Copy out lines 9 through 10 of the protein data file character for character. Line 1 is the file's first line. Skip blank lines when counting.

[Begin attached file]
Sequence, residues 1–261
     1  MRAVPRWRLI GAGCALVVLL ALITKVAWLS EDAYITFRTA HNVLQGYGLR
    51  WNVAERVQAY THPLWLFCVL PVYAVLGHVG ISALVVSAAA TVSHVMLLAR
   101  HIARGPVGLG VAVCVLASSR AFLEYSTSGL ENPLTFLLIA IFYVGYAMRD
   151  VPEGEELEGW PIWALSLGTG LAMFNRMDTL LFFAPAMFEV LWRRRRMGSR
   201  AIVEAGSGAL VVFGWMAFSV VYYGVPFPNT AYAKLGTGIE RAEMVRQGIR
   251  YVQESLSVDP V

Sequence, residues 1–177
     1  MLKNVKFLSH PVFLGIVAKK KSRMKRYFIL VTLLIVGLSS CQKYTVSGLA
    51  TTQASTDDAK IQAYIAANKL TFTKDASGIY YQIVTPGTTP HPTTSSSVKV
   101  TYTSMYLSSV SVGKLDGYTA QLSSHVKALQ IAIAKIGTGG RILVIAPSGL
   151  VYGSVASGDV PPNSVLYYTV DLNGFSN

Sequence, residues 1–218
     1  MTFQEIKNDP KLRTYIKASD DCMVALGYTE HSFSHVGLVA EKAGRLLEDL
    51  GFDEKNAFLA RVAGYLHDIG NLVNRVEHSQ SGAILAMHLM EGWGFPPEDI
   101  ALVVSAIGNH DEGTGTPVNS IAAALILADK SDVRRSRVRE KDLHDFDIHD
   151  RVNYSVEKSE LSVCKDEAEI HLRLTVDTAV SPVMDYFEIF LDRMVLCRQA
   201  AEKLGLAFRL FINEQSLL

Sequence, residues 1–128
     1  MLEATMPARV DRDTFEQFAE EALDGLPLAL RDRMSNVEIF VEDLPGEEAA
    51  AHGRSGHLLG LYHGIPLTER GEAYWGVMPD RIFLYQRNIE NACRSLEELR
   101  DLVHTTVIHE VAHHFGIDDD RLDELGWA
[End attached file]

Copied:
     1  MLKNVKFLSH PVFLGIVAKK KSRMKRYFIL VTLLIVGLSS CQKYTVSGLA
    51  TTQASTDDAK IQAYIAANKL TFTKDASGIY YQIVTPGTTP HPTTSSSVKV